The Cleveland Orchestra opened its annual summer residence on Saturday at the Blossom Music Center, about 40 miles south of Cleveland and just north of Akron. Situated among the forest of the Cuyahoga Valley National Park, Blossom Music Center is an oasis of natural calm amid an otherwise urban environment. Music Director Franz Welser-Möst led the opening night program of Beethoven and Berlioz that showed The Cleveland Orchestra on top form, and gave a preview of some of the repertoire that will be heard later in the 2017/18 season as part of the orchestra’s 100th anniversary observances.

Franz Welser-Möst © Carl Juste
Franz Welser-Möst
© Carl Juste

The compositional contrast between Beethoven’s Symphony no. 2 in D major and Berlioz’s Symphonie fantastique could not have been more striking for works written only 28 years apart. Beethoven’s 1802 symphony paid his debt to Haydn’s Classical symphonic style and began a transition that would come to fruition in his Third (“Eroica”) Symphony. By 1830, when Berlioz composed Symphonie fantastique, Romanticism was in full flower.

From the first accented chords contrasted with legato chorales in the extended introduction to the Second Symphony’s first movement, Welser-Möst made a careful balance between dramatic and lyrical passages. The gorgeous second movement was calm and delicate. It was in this movement that we find Beethoven developing his musical materials to much greater length and complexity that had Haydn. Phrases were molded sensitively, with the dialogue of the solo flute later in the movement being a beautiful example. The third movement abandons Haydn’s Minuet/Trio form for a rambunctious scherzo. The finale brought all of these characteristics together, for brilliantly accented passages set against suddenly contrasting dynamics and mood. Yet throughout all of these contrast Welser-Möst maintained the overall good humor of the movement.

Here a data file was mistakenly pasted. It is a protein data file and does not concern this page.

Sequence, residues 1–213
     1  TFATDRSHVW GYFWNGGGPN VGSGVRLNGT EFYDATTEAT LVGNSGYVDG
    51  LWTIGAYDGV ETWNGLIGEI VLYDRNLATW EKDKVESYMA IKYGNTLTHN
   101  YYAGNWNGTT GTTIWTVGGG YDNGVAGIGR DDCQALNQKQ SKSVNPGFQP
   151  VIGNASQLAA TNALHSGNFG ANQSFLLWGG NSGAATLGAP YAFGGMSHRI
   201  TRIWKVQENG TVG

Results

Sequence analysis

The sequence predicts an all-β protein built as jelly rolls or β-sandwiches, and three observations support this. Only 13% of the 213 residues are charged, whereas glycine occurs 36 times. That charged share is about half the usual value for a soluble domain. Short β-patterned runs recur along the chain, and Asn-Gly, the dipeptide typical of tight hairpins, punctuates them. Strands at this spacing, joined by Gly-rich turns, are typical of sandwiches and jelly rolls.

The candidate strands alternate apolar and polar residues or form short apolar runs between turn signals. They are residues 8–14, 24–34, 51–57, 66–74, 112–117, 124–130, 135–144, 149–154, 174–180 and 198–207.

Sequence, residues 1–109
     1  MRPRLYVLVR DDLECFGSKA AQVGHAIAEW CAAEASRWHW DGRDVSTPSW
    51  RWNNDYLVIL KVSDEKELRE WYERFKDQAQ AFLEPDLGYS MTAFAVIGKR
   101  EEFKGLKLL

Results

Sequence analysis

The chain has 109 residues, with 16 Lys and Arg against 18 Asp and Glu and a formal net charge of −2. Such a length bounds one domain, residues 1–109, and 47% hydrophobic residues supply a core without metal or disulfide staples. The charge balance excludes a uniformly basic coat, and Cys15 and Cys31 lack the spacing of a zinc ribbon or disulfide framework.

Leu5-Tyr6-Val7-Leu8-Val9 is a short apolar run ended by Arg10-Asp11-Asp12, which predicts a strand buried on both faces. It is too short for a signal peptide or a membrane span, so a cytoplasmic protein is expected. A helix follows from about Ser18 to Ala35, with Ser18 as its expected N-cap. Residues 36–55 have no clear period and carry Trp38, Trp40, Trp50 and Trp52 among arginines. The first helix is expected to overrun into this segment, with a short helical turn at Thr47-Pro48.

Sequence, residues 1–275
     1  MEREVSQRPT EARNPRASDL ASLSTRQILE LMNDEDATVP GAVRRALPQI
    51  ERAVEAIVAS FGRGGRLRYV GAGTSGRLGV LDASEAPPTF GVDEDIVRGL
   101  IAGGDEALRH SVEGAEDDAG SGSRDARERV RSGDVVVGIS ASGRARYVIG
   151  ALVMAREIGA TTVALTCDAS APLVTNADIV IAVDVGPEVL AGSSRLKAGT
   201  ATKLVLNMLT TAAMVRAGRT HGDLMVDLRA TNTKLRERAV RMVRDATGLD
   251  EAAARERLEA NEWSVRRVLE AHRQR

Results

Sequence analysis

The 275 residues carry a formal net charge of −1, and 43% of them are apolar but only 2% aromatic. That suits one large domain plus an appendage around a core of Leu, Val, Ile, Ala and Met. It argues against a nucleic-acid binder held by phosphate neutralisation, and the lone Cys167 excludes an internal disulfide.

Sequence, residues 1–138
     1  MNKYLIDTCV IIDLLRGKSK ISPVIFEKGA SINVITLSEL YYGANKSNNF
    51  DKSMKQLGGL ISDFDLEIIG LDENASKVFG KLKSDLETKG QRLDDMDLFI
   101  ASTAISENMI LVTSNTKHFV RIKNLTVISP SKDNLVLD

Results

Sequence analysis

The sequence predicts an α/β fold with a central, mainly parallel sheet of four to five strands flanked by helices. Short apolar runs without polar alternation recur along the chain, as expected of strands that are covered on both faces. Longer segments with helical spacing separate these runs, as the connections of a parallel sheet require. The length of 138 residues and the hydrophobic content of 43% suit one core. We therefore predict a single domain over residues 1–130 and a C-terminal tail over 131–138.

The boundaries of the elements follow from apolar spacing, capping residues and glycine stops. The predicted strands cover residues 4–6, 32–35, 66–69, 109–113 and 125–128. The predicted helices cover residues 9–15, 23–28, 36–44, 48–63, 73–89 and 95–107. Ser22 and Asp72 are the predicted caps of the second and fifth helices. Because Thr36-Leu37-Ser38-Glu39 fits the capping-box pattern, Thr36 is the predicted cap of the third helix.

If Beethoven’s symphony was an outgrowth of Classical ideals, Berlioz’s Symphonie fantastique progressed in its hallucinatory vision of obsessive love through each succeeding movement. Welser-Möst carefully built the overall tension of the work from the opening introduction in which the “artist” and “beloved” – perhaps shorthand for Berlioz himself and his unrequited love, actress Harriet Smithson – are introduced. The musical theme of the artist’s obsession, the so-called idée fixe is at first innocent in the sweetly liquid phrases of the first movement, “Passions.” The second movement is set at “A Ball” in which the artist sees his beloved among waltzing dancers. The two solo harps were magical in the waltz’s extended introduction. The Cleveland Orchestra had just the right amount of “lift” in the phrases of the waltz.

Berlioz’s imagination starts to get overwrought in what should be the pastoral “Scene from the Country.” Two shepherd’s pipes (English horn and off-stage oboe solos) trade phrases. Even on a calm summer evening, the artist cannot get the beloved out of his mind, and the music depicts his conflicted throughts. The disquiet concludes with very soft timpani rolls representing distant thunder.

It is in the fourth and fifth movements that the artist’s opium-induced hallucinations take over. He has poisoned his beloved and condemned to execution by the guillotine. The musical themes for “March to the Scaffold” are mostly scalar, with garish blasts from the brass. Welser-Möst kept control over the music’s growing in intensity, until the final drumroll before the guillotine’s blade drops.

The closing movement, “Dream of a Witches’ Sabbath”, lets loose with horrifying images, distorted phrases, and a bell tolling out of sync with the rest of the orchestra. In this performance the bell was played off-stage, soaring creepily above the ensemble. As part of the hellish scene, Berlioz introduces that great death-and-destruction theme, the Gregorian Sequence from the Requiem Mass, Dies irae, turned into a ridiculous dance played in the high range of the E flat clarinet.

This was a thrilling performance of Symphonie fantastique, in which Welser-Möst and the orchestra capitalized on Berlioz’s musical architecture to its fullest extent.